OREANDA-NEWS. Europe will not be able to give up Russian gas, but it should look for alternatives to supplies from Gazprom, according to an editorial in The Economist.

The publication notes that the countries of the Middle East and North Africa have large reserves of fuel, and in 2019 Algeria and Qatar accounted for a total of 13% of the European market.

"However, Europe faces competition when it comes to additional supplies," the article says.

Thus, in the struggle for gas, Europeans have to compete with Asian countries, which account for 75% of world LNG imports, and more recently with Latin America.

A difficult situation for Europe has arisen due to the liberalization of the gas market - a reduction in the share of long-term contracts with prices tied to oil prices. Among other things, the problems for Europeans were created by the countries of the Middle East, where over the past ten years, domestic consumption of blue fuel has grown by an average of 4.6% per year.

The publication also notes the impossibility of replacing the Russian energy carrier with American LNG. Fuel from the United States is too expensive, and significant investments in the shale industry will be required to make it cheaper.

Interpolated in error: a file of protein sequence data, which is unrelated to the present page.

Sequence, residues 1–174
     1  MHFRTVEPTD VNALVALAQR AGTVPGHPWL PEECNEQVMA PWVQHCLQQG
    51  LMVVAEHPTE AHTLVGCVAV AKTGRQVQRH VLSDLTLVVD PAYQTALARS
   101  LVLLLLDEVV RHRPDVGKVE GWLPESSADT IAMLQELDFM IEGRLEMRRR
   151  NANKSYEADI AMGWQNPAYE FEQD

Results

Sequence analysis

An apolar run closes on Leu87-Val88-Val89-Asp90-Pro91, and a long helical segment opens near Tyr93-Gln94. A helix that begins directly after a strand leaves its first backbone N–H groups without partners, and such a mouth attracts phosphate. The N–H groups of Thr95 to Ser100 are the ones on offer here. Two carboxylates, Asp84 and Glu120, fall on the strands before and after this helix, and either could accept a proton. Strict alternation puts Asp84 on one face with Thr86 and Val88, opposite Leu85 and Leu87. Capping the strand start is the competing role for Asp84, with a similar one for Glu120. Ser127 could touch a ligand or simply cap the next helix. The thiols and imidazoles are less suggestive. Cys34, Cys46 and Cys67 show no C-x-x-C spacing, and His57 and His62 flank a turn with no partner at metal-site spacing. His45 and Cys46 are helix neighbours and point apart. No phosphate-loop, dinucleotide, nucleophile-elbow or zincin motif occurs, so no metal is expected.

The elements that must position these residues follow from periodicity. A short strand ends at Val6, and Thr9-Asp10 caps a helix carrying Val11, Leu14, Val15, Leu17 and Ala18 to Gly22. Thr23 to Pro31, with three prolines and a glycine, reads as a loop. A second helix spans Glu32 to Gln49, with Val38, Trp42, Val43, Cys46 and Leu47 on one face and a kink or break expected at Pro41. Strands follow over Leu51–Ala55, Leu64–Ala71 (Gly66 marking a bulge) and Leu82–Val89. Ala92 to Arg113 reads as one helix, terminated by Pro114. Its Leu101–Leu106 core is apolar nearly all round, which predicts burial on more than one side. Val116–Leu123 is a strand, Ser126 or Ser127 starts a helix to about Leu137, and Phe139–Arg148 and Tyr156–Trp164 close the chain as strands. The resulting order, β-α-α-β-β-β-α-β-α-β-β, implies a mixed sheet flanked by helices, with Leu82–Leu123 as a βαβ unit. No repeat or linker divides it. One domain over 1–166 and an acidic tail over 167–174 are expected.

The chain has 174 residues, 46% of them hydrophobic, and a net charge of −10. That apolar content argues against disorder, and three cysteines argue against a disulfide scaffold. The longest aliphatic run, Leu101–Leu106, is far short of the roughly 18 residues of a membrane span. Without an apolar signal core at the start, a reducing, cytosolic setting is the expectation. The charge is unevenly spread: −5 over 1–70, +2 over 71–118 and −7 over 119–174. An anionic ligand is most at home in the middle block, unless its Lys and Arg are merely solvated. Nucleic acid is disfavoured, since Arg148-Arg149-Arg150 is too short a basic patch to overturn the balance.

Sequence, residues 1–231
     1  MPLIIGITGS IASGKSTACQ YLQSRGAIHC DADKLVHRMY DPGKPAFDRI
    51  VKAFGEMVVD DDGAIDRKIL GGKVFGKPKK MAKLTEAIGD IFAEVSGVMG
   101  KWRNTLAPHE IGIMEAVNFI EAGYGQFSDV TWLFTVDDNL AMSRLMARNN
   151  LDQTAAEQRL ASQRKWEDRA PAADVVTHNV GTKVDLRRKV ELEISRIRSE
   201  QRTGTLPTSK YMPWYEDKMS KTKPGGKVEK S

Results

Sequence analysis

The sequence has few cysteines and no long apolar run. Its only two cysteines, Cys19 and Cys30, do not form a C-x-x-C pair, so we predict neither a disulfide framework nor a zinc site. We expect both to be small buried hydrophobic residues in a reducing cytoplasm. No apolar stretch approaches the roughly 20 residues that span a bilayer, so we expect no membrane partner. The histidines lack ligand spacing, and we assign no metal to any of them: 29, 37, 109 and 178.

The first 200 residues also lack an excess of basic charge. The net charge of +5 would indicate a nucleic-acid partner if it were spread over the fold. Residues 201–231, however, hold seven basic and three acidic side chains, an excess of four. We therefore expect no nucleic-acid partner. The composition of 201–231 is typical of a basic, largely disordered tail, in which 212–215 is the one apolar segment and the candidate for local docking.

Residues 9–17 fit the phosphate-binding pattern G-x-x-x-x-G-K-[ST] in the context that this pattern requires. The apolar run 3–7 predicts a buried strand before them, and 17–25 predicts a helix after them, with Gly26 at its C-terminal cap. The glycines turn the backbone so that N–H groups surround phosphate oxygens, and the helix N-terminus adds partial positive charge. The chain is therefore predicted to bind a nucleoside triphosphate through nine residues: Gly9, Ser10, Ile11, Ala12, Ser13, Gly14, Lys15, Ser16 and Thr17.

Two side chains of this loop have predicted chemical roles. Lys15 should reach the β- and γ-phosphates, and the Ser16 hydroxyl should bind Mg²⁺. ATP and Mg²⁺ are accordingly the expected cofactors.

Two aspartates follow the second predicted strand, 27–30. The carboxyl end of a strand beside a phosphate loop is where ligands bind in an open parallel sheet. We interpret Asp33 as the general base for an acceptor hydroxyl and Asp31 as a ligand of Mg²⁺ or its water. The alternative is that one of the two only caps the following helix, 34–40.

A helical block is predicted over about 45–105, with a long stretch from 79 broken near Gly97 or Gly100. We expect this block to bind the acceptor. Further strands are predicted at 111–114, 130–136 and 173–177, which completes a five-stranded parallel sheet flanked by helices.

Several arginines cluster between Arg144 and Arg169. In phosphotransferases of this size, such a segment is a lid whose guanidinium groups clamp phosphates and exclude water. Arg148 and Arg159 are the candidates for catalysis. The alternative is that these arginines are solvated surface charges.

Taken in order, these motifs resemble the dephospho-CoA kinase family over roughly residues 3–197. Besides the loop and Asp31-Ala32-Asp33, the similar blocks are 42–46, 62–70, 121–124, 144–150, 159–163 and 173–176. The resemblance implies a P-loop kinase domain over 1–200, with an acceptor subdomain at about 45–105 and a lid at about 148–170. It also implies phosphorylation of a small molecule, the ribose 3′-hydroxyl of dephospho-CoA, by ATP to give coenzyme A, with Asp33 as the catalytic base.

For the time being, Europe can only consider the Southern Gas Corridor as an alternative to supplies from Russia, which allows transporting up to ten billion cubic meters of fuel from Azerbaijan to Italy.

“This is only a small part of the needs of the European Union,” the newspaper stated.

But, nevertheless, the article notes that this project will help reduce the share of Russia in some small countries, such as Bulgaria.

Also The Economist draws attention to the future gas pipeline from Israel with a length of 1,900 kilometers. The capacity of this transport system will be 20 billion cubic meters of gas.

"Nevertheless, this is not enough to provide fuel for the whole of Europe. A complete rejection of Russian gas is an overly ambitious undertaking, even in the longer term," the publication emphasizes.